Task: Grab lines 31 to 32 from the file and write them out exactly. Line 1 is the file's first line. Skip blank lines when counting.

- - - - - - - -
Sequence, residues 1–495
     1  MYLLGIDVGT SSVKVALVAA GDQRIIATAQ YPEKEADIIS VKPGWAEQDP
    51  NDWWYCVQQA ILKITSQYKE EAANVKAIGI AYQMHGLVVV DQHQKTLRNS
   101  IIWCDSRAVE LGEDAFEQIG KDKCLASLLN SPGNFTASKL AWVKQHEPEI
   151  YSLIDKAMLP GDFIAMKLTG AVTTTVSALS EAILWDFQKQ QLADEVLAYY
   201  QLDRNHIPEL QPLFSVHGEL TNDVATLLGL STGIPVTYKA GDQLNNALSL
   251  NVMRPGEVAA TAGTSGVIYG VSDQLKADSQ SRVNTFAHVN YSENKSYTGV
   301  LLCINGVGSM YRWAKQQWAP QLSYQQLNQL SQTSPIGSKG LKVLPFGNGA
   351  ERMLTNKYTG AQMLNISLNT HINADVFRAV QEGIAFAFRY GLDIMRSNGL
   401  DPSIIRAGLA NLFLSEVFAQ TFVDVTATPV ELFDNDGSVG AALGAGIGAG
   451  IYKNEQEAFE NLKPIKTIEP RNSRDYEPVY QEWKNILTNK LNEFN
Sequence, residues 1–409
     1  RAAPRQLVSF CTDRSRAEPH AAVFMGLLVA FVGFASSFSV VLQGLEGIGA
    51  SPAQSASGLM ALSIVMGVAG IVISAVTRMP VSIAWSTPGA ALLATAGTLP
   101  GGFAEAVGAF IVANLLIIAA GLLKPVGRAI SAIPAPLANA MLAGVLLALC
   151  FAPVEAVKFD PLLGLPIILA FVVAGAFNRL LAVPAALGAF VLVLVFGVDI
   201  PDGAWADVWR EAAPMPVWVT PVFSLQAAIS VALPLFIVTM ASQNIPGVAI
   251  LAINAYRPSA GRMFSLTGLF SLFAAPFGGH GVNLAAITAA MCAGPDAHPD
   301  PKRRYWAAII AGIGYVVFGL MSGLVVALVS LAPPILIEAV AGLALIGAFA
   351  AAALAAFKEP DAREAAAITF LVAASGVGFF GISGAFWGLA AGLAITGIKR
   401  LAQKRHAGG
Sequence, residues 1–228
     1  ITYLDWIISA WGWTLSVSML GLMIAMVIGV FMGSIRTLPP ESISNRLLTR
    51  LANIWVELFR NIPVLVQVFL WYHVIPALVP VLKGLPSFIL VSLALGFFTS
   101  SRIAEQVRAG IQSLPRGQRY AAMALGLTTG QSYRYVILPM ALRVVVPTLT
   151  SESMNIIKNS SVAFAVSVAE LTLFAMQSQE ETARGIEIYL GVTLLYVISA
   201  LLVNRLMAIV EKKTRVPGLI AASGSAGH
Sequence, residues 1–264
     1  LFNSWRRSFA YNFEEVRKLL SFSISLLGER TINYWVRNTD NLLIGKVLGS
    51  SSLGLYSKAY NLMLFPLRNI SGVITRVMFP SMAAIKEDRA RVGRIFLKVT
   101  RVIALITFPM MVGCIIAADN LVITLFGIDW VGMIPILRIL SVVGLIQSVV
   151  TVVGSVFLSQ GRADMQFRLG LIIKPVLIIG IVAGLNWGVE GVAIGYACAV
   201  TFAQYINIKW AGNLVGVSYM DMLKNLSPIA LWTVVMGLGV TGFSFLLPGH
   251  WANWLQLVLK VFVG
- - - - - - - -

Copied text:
   101  RVIALITFPM MVGCIIAADN LVITLFGIDW VGMIPILRIL SVVGLIQSVV
   151  TVVGSVFLSQ GRADMQFRLG LIIKPVLIIG IVAGLNWGVE GVAIGYACAV